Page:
In recent years the dry stone walling scene seems to have been overrun with individuals claiming to be sculptors and artists, is this art for art’s sake? I have given this proliferation much thought and I have finally come to the conclusion that, albeit slightly disappointing, these “artists” feel that being a craftsman does not sufficiently describe their activities and they need a more weighty significant title to operate under. Granted using the designation of Artist may add a certain gravitas in the eyes of others and indeed may add value to any work commissioned or produced, but does merely assigning yourself the title of artist or sculptor make you one? I think probably not.
Having said this I do not think that on the whole any damage is being done, that is as long as any work carried out is of reasonable quality. I have witnessed atrocious work being passed off as acceptable by describing it as “art” or “whimsical”, the fact of the matter is crap is crap the world over what ever you choose to call it. I have made a good living over the years creating whimsical structures in dry stone, they were all built using tried and tested techniques and with the experience I have gained over many years of practice and I am confident they are safe and will stand the test of time. Actual artists such as Andy Goldsworthy and Bob Verschueren (both of which I have been fortunate enough to work with) will develop their ideas before engaging skilled craftsmen to realise their vision and build the final pieces. Poorly executed pieces are not only unfair to whoever commissioned the work but do the craft of dry stone walling a huge disservice. For decades modern day dry stone wallers have been promoting the craft and attempting to elevate it to another level, with a good deal of success. Today dry stone walling is no longer just an agricultural or rural craft it is used in high class landscaping, developments and dare I say it in artistic installations, all this hard work can be undone very easily by unskilled practitioners producing inferior work.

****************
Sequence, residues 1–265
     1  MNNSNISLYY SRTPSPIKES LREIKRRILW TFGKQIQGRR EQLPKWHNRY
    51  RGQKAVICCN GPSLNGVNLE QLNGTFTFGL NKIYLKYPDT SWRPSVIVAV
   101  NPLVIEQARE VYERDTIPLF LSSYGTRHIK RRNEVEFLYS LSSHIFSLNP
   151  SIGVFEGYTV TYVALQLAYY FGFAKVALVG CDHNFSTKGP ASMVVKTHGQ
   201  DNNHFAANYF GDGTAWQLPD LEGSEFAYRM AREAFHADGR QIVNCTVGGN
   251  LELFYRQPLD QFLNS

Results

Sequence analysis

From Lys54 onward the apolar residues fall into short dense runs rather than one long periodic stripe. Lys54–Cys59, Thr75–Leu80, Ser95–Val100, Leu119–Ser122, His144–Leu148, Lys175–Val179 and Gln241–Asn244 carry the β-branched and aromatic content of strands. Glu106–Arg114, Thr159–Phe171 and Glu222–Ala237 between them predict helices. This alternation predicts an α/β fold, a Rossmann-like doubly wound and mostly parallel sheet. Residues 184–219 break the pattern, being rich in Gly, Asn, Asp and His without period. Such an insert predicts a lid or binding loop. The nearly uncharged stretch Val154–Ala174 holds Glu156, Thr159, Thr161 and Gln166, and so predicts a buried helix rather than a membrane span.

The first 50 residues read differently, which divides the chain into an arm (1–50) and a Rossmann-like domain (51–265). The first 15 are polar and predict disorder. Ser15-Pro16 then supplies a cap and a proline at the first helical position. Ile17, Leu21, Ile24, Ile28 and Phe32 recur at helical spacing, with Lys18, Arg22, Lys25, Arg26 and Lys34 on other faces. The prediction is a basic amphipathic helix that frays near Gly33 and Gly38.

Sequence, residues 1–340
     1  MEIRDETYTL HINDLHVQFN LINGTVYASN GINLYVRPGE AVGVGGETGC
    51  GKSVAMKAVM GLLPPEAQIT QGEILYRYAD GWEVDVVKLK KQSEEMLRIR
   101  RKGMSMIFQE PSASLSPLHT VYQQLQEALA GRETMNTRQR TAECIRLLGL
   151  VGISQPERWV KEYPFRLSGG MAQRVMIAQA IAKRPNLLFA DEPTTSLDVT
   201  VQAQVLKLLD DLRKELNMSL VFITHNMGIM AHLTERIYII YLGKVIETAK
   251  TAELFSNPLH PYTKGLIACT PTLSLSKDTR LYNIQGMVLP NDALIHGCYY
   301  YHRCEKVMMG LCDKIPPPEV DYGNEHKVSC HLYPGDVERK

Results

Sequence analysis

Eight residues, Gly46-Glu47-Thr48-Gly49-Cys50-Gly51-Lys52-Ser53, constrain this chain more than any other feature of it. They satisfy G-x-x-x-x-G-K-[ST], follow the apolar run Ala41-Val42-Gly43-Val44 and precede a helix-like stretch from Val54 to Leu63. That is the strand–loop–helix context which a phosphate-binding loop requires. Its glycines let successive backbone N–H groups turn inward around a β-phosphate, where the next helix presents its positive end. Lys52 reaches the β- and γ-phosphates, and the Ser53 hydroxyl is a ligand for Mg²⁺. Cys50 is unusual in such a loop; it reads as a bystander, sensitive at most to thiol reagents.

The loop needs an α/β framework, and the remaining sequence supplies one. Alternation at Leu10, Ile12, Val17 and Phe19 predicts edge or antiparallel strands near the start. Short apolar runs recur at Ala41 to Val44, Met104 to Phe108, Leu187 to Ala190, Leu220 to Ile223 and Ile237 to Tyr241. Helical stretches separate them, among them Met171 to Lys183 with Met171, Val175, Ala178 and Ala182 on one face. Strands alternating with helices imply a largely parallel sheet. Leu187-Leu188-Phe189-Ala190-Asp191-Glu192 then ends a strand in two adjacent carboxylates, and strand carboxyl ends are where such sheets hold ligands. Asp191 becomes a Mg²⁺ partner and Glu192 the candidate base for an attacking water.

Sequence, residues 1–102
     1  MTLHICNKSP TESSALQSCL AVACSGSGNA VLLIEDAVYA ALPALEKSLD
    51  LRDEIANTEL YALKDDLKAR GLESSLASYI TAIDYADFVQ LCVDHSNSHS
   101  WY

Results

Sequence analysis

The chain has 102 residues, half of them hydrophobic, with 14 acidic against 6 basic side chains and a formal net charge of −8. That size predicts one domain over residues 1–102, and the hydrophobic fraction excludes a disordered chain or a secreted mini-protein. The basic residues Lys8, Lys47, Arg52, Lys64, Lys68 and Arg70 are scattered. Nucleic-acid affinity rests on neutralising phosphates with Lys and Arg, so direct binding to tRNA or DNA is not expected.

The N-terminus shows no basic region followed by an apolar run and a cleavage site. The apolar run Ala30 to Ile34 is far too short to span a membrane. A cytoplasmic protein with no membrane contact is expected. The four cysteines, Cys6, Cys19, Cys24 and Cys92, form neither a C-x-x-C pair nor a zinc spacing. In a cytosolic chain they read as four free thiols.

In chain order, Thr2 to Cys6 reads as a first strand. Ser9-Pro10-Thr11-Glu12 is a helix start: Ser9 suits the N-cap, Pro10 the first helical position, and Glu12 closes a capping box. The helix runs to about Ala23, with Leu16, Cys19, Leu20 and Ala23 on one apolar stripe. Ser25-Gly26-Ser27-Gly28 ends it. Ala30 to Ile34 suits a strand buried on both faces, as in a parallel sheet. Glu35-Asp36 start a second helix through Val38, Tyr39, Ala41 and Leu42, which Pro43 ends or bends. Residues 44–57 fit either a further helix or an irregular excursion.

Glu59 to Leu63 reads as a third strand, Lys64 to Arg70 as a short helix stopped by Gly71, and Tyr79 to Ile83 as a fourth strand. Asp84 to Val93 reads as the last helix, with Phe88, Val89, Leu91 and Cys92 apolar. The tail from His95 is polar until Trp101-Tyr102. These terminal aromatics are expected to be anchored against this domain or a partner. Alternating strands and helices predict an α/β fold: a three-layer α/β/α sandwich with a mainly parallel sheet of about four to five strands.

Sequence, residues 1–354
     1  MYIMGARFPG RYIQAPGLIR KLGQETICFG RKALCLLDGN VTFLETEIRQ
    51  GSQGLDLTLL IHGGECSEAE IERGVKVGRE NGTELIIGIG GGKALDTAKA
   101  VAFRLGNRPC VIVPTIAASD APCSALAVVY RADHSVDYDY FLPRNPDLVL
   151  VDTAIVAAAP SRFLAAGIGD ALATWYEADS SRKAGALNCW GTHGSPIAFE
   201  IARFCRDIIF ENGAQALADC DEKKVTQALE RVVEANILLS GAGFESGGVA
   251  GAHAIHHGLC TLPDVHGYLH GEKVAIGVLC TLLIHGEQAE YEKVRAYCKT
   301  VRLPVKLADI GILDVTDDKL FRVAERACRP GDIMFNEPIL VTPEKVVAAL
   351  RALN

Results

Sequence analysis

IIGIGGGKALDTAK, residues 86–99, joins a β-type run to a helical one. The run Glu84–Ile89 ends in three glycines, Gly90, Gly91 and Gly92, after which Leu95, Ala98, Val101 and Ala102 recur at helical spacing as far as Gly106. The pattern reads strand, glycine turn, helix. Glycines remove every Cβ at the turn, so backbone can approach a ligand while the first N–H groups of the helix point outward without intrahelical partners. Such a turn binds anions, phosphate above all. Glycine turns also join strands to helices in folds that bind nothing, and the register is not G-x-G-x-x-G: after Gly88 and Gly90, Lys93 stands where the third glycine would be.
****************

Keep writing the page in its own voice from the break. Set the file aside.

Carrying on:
I feel no need to class myself as anything other than a dry stone waller, in fact I am incredibly proud to be just that, a craftsman. I do build a lot of sculptural forms that could be classed as art but in my eyes they are not, they have no meaning or symbolism they are just aesthetic, simple as that they just look nice.
The image included in this post is of an installation designed by the artist Andy Goldsworthy but built by a team of skilled wallers including myself.